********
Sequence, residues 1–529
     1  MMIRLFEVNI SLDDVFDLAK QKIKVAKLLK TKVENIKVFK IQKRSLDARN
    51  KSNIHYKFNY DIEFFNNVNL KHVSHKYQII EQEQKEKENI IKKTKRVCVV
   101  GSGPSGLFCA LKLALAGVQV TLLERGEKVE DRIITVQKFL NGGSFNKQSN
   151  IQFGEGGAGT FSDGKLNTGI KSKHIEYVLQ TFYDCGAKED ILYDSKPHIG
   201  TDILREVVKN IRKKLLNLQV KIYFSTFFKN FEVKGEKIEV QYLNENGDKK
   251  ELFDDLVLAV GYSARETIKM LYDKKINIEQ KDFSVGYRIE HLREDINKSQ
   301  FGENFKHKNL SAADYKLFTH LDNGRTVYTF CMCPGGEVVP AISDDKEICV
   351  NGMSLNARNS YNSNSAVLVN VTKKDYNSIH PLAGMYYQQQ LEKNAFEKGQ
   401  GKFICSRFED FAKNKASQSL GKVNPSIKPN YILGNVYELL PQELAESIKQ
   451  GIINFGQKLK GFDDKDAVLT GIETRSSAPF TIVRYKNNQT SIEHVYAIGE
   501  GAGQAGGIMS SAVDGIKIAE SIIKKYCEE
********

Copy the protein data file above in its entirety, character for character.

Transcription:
Sequence, residues 1–529
     1  MMIRLFEVNI SLDDVFDLAK QKIKVAKLLK TKVENIKVFK IQKRSLDARN
    51  KSNIHYKFNY DIEFFNNVNL KHVSHKYQII EQEQKEKENI IKKTKRVCVV
   101  GSGPSGLFCA LKLALAGVQV TLLERGEKVE DRIITVQKFL NGGSFNKQSN
   151  IQFGEGGAGT FSDGKLNTGI KSKHIEYVLQ TFYDCGAKED ILYDSKPHIG
   201  TDILREVVKN IRKKLLNLQV KIYFSTFFKN FEVKGEKIEV QYLNENGDKK
   251  ELFDDLVLAV GYSARETIKM LYDKKINIEQ KDFSVGYRIE HLREDINKSQ
   301  FGENFKHKNL SAADYKLFTH LDNGRTVYTF CMCPGGEVVP AISDDKEICV
   351  NGMSLNARNS YNSNSAVLVN VTKKDYNSIH PLAGMYYQQQ LEKNAFEKGQ
   401  GKFICSRFED FAKNKASQSL GKVNPSIKPN YILGNVYELL PQELAESIKQ
   451  GIINFGQKLK GFDDKDAVLT GIETRSSAPF TIVRYKNNQT SIEHVYAIGE
   501  GAGQAGGIMS SAVDGIKIAE SIIKKYCEE